Early in her career, Colter met the daughter of the founder of the Fred Harvey Company. The founder then hired her to design the Indian Building at the Alvarado Hotel in Albuquerque, New Mexico. This was the start of a 46 year long career with both this concession company and the Santa Fe Railroad. Colter’s designs helped make the newly explored western U.S. accessible to travelers. In the 1870’s, the Santa Fe built its way toward California and the Fred Harvey Company provided restaurants and hotels serving quality food along the way. The Harvey Company first got its start improving lunch rooms at railroad stops. Eventually the slogan "Meals by Fred Harvey" was used to attract travelers as their reputation of serving quality food and service became well known.

Colter would be the architect for many Fred Harvey hotels and improvements in the southwest, making travel a civilized pursuit and opening up this area to tourism. She was sensitive to the native culture in the area and she shared her vision of the culture with travelers by designing shelter and services for them.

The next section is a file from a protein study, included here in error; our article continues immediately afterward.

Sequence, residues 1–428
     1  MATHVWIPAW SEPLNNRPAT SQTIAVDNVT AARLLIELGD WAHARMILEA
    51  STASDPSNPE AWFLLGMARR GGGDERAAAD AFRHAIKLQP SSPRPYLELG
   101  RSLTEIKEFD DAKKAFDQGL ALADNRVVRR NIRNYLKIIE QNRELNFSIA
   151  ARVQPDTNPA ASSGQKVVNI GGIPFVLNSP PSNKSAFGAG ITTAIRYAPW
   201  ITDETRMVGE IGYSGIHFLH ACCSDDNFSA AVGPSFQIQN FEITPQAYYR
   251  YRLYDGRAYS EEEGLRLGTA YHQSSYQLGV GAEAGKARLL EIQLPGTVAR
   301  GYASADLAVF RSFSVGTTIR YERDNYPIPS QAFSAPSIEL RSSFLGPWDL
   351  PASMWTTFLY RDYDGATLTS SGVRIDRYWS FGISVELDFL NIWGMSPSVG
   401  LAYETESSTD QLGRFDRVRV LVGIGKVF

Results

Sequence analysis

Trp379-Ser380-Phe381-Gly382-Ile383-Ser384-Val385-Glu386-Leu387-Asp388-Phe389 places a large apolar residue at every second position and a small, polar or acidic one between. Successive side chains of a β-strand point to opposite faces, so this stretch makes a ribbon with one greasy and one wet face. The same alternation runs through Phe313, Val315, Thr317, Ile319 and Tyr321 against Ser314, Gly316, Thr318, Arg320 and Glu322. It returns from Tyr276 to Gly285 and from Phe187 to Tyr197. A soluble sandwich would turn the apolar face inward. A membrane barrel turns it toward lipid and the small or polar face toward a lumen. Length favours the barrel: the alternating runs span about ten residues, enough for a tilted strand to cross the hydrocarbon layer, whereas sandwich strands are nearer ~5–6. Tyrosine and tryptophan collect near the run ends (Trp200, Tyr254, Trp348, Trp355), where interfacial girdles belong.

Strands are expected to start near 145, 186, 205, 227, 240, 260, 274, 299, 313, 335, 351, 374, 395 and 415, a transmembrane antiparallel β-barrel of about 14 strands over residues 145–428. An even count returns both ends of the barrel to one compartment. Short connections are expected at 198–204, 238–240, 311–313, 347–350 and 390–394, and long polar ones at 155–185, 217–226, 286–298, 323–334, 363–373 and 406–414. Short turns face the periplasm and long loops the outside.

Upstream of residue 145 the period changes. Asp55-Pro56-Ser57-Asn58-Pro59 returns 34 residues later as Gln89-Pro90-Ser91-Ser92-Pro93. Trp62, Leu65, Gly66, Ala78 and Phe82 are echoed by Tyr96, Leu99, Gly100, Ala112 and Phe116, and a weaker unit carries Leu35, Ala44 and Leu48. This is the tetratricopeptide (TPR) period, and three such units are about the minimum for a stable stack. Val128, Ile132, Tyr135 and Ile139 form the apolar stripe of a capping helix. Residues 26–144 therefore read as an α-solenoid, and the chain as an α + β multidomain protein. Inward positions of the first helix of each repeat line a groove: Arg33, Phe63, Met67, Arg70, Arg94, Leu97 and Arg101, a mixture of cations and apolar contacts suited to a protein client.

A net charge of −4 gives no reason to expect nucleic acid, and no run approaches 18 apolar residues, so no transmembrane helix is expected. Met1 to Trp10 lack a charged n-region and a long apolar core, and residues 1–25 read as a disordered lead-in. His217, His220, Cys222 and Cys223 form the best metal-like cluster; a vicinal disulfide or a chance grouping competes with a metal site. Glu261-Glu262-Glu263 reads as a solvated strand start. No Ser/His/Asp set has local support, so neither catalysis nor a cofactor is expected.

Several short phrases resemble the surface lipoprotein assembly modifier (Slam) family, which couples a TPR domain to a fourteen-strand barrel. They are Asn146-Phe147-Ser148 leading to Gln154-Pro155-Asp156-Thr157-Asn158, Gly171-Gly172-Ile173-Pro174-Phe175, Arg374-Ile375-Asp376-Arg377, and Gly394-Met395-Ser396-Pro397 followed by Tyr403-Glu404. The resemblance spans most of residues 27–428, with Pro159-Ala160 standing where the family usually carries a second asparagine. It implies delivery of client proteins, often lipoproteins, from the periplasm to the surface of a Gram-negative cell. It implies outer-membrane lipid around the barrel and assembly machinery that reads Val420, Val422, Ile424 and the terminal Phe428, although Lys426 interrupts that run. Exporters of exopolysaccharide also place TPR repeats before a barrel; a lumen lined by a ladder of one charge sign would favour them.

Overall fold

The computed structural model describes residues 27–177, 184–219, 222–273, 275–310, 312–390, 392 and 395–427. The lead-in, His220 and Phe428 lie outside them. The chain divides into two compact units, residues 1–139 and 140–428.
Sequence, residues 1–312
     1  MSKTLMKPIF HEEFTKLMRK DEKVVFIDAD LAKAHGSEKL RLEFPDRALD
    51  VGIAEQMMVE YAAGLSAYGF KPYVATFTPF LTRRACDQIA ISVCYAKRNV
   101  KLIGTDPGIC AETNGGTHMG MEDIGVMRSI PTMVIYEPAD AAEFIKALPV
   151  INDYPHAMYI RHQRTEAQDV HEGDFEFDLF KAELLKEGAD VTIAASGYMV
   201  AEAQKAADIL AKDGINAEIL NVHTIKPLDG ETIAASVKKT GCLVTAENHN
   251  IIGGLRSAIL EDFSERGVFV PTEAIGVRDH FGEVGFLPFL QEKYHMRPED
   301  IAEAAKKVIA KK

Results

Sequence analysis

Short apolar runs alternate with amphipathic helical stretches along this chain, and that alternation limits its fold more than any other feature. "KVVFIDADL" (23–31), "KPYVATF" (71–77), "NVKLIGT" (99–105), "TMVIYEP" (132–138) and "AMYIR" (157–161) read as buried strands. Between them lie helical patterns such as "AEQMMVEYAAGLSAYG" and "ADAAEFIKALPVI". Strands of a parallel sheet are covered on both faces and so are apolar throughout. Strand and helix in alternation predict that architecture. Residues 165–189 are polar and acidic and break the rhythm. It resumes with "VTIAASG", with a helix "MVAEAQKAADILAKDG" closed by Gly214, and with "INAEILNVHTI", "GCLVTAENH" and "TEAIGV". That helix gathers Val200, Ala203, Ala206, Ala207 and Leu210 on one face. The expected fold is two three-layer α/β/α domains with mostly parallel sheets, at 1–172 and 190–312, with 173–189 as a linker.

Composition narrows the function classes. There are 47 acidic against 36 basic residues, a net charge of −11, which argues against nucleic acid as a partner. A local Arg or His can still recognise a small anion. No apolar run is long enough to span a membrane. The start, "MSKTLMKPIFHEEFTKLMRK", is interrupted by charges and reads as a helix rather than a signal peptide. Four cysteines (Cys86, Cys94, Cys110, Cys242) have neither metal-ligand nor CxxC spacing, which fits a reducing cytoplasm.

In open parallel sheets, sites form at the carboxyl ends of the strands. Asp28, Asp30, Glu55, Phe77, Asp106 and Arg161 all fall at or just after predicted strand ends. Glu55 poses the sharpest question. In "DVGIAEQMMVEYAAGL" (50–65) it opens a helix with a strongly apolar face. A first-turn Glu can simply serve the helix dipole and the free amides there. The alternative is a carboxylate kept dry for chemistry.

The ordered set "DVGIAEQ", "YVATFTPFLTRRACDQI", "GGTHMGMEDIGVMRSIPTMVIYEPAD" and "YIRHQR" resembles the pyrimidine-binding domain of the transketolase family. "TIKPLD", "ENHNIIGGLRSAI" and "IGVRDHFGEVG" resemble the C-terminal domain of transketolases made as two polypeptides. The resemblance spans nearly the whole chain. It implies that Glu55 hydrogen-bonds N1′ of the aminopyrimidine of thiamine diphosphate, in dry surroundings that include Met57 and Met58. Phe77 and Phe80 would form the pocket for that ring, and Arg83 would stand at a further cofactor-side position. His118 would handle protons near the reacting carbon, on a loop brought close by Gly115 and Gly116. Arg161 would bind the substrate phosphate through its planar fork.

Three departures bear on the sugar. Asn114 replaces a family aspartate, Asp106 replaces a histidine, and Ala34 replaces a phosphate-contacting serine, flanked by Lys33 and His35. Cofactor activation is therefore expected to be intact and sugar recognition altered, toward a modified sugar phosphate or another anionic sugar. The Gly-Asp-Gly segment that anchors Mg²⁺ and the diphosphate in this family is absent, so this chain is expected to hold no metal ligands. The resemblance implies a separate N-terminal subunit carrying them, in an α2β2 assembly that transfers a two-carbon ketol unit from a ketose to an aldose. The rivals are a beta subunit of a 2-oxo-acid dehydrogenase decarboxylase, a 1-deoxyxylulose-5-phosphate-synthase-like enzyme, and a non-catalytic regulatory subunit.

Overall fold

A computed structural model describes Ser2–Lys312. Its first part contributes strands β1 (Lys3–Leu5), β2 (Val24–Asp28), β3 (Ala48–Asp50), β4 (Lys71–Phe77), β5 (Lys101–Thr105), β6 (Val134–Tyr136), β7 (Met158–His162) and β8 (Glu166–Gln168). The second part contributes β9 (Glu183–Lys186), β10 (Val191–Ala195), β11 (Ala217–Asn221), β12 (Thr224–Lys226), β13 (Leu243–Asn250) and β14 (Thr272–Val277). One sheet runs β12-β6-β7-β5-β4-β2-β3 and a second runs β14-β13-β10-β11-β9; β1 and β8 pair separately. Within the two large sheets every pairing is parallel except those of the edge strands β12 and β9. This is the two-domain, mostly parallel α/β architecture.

Colter’s connection to the Grand Canyon began before it became a national park, when the Fred Harvey Company built several services along the South Rim to accommodate the growing number of people visiting the rim. In 1901, a new railroad spur line from Williams, Arizona, took tourists up to the South Rim. Hopi House, Lookout Studio, Phantom Ranch, and Hermit's Rest were all designed by Colter. They are rustic, built out of local materials, and blend in with the land. The philosophy that buildings in beautiful and dramatic places should have minimal effect on the land was developed by a woman and became the signature style of the era.